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Because of scoring exceptionally high on a statewide standardized exam and being an exceptionally good basketball player Jamal Wallace is sent to a prestigious prep school in Manhattan. He soon befriends the reclusive writer, William Forrester. The friendship leads William to overcome his reclusiveness and for Jamal to overcome the racial prejudices and pursue his true dream - writing. Written by
the chan man
The scenes in the Mailor-Callow School were actually filmed at Regis High School in Manhattan, an all-scholarship high school on the upper east side. See more »
At one point in the film Jamal mentions to Claire that, "It was Stamford... At the bar in London... He was the one who introduced Watson to Holmes", alluding to the Sherlock Holmes novels and stories. However, it wasn't at a bar in London where Stamford introduced Watson to Holmes but at a hospital's chemical laboratory near the bar. See more »
No thinking - that comes later. You must write your first draft with your heart. You rewrite with your head. The first key to writing is... to write, not to think!
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During the Columbia logo presentation, Bill Frisell's guitar playing the Columbia accompanying music is heard, rather than the usual orchestral version. See more »
As a person who enjoys good movies, as well as reading and writing, I loved this film, and would see it again. Some may accuse it of being formulaic, but I feel that there is just enough unexpected-ness in it to keep the audience interested. I would hope that the apparent similarities to the director, Gus Van Sant's earlier work, Good Will Hunting, do not dissuade anyone from seeing the film. Any similarities are unimportant and do not take away from the fact that this is a good movie which stands alone as a deep film with an good plot. The script is very well written and all of the dialog appears real and natural. It is a thought provoking drama, but it is not depressing or sappy, as all too many dramas are. At the same time, it does not give the impression of simply being a feel-good movie. Also, although there are several humorous lines in the movie, they do not rely on cheap puns or slap stick humor.
William Forester once wrote a Pulitzer Prize winning book, but now is a recluse, hiding from his fame, who never leaves his book-filled apartment in the Bronx, but spends his time reading and bird watching, as well as watching the teenagers of the neighborhood play basketball in the park outside his window. Jamal Wallace is one of these teenagers. He hides his love of reading, and his brilliant writing skills, and chooses instead to gain the acceptance of his peers through his skill at basketball. A prep school has offered Jamal a scholarship because of his high test scores, and their need to win a basketball championship. The two characters meet, and Forester becomes a sort of teacher/mentor, but both learn many things from each other. Symbolism is important in this film, and it makes many good points about people, how we relate to each other, and how we deal with the difficulties of life.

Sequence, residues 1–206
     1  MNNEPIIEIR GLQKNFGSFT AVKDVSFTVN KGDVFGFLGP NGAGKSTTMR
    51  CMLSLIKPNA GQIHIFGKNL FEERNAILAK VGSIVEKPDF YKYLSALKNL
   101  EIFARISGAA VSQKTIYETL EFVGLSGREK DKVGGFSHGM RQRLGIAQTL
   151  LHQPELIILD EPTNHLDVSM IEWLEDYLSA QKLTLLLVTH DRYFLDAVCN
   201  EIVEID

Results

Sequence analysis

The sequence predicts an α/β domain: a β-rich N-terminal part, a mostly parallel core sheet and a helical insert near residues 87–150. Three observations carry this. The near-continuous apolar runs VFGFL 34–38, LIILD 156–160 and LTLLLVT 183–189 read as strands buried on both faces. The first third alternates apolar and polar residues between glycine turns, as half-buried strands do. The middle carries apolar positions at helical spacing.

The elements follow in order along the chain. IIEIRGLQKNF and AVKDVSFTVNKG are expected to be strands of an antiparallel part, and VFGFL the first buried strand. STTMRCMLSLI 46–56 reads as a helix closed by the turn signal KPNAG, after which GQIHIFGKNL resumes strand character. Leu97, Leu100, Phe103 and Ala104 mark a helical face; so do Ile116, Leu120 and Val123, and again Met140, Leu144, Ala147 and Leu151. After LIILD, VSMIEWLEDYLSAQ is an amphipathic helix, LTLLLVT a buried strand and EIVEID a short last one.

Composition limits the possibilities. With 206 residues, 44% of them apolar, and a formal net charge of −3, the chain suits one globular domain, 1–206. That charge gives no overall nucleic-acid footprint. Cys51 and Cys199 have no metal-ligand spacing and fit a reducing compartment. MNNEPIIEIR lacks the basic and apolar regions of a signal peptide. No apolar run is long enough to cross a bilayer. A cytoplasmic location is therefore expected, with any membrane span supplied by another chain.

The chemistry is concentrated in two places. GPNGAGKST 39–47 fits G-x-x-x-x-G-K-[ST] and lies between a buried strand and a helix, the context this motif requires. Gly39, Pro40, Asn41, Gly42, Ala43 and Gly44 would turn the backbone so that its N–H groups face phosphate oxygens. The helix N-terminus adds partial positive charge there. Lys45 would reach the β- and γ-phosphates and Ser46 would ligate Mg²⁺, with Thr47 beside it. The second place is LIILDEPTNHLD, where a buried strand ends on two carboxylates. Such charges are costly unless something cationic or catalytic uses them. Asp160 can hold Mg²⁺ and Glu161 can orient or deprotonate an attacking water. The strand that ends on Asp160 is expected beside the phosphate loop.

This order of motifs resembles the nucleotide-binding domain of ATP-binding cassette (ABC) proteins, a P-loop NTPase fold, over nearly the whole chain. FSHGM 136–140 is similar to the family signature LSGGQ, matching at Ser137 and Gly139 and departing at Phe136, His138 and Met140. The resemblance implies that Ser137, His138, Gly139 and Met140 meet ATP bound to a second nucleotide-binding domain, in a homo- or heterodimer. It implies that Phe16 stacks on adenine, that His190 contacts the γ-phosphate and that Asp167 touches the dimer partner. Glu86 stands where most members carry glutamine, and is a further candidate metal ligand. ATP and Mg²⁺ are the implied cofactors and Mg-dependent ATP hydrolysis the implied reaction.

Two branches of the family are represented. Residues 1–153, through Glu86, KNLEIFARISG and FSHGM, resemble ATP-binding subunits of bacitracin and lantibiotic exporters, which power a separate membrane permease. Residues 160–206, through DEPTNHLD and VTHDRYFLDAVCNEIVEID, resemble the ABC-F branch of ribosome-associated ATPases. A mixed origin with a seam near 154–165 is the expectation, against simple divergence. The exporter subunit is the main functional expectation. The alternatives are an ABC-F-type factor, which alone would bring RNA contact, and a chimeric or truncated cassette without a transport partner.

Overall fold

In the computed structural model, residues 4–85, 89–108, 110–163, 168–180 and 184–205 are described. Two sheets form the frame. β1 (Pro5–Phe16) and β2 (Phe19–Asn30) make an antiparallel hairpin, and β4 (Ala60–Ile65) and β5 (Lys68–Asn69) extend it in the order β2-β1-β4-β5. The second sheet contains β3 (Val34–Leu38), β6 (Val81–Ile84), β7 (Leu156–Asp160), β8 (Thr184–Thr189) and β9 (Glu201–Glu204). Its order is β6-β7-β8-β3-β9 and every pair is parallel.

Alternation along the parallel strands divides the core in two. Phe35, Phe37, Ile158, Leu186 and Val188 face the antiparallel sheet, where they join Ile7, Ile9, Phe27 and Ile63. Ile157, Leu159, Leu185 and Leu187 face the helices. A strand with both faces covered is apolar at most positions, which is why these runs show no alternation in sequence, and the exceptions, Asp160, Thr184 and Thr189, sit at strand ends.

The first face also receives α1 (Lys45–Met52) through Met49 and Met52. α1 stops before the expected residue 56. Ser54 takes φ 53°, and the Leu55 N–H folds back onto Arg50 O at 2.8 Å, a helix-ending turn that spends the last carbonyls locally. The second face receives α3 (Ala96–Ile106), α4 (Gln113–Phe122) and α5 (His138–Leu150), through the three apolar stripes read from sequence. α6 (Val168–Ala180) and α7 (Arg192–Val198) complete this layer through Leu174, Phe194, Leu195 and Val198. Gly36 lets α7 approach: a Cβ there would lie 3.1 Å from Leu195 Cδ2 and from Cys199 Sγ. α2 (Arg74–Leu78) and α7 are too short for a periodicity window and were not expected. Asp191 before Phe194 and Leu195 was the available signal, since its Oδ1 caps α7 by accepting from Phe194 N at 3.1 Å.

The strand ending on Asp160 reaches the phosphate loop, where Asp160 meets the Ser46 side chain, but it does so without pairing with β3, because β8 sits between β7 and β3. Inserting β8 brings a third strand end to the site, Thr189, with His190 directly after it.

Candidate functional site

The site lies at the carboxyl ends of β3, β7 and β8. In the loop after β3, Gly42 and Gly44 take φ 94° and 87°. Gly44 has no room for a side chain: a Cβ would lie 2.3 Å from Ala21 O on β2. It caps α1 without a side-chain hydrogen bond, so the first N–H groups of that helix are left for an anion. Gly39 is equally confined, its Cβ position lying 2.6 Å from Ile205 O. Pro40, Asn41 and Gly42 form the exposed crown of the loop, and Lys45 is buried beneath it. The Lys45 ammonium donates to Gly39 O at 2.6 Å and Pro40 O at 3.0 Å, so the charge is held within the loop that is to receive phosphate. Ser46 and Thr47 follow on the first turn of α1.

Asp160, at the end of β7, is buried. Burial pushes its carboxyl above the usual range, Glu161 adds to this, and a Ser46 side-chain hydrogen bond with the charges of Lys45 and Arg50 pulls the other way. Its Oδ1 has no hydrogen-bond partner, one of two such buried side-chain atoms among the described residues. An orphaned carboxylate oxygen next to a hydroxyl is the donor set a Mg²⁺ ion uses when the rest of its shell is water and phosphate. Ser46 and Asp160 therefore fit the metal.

The movie stays away from any violence and sex. It is rated PG-13 because of brief strong language and sexual references, but even these are few, and not over done, using only what is necessary to create real characters and setting -- a refreshing difference from many films that are now being made. The message of the film is good and moral, but it was wonderful to see a serious film staring a young black person that does not hit you over the head with messages of racial tolerance.
One of the surprises in the film is the great soundtrack. It is mostly Jazz songs from Miles Davis and others, which seems well suited to the mood of the movie and to the setting, another well done part of the film. The final song, a medley of "Somewhere Over the Rainbow" and "What a Wonderful World" is great. I was happy that this movie had refused to do what many recent movies have done in capitalizing on a soundtrack and trying to use or create hit pop songs in a movie. It also stays away from sappy and unnecessary orchestra music that is often used to try to create emotion in the audience. This movie does not need to resort to tricks like this in order to make you feel for the characters. Another happy surprise is a cameo from Matt Damon.
The acting is wonderful, particularly from the experienced Sean Connery, playing the title character, and from newcomer Robert Brown, as Jamal. Even the more minor parts in the film, such as Jamal's older brother, played by Busta Rhymes, and Jamal's friends and teachers are well-acted. Anna Paquin is well suited for her role as Claire, a rich girl from the prep school that Jamal transfers to. The two seem to make a connection, but a romantic subplot is not pursued very far in the film. I found this a refreshing change, and one of the factors that kept the movie from being too predictable, as well as much more realistic. Real life romances do not usually happen the way they often do in films. A disappointment was the character played by F. Murray Abraham. Although well acted, there is a complete lack of character development, and the teacher-that-gives-the-brilliant-student-a-hard-time stereotype is hard to ignore. Despite this one shortcoming, this is an excellent film.
As the film ended and the credits began to roll, I noticed that no one in the theater got up to leave, as is usually the case in theaters. The audience remained seated until the credits and music had finished, and the lights came back on. It is just that kind of a movie. I would defiantly recommend it to anyone wishing to see a mature and thought-provoking film that is entertaining and enjoyable to watch, and will leave you feeling inspired.
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